Texas lined snake or texanum is a subspecies of non-venomous snake that’s endemic to the U.S. state of Texas. It’s a member of the colubrid family and is closely related to the green snake. The Texas-lined snake is characterized by its olive-green body with black stripes running along its length. Adults can grow to be up to 12 inches in length.

Texas-lined snakes eat various small animals, including earthworms and other tiny invertebrates. When captured, these snakes produce a foul-smelling musk from their cloaca. This musk is used to deter predators and can be quite foul-smelling to humans.

The Texas-lined snake is a common sight in green areas across Texas. They are often found in greenbelts, parks, and other natural areas. If you’re lucky enough to spot a Texas-lined snake in the wild, give it plenty of space. These snakes are not aggressive and pose no threat to humans. However, they will defend themselves if they’re threatened.

5. Green Water Snake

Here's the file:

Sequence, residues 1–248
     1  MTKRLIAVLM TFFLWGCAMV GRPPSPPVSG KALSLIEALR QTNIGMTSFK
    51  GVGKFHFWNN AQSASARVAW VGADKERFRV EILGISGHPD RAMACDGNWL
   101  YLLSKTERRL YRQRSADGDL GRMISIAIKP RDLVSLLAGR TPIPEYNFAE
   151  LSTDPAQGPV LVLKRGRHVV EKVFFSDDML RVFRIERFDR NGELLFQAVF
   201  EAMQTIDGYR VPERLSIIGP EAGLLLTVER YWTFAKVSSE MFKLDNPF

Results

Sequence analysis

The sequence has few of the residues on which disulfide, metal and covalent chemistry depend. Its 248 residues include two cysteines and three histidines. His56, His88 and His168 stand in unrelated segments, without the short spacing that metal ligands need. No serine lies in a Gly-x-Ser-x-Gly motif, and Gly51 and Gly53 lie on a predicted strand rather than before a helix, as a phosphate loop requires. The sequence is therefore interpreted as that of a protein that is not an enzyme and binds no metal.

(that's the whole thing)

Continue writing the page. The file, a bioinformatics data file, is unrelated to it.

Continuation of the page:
Green water snake | image by Peter Paplanus via Flickr | CC BY 2.0

Scientific name: Nerodia cyclopion

Green Water Snakes are a type of water snake that lives in bayous, swamps, marshes, and any other form of permanent bodies of water. They prefer to be near water with little current and lots of vegetation. Their diet mainly consists of fish, frogs, and crayfish.

These kinds of snakes can specifically be found in East Texas. Outside of Texas they are common in Louisiana, as well as Coastal South Carolina to Florida, Eastern Arkansas, and Southern Illinois.

See also  Types of Green Snakes in North Carolina
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About Jesse Martin
Enthusiast and pet owner

Jesse grew up with pet reptiles and amphibians and has remained close to them into adulthood. He has experience with boa constrictors, pythons, Argentine horned frogs, bearded dragons, geckos, tortoises, and more. Jesse's daughter currently has a corn snake, her first pet reptile.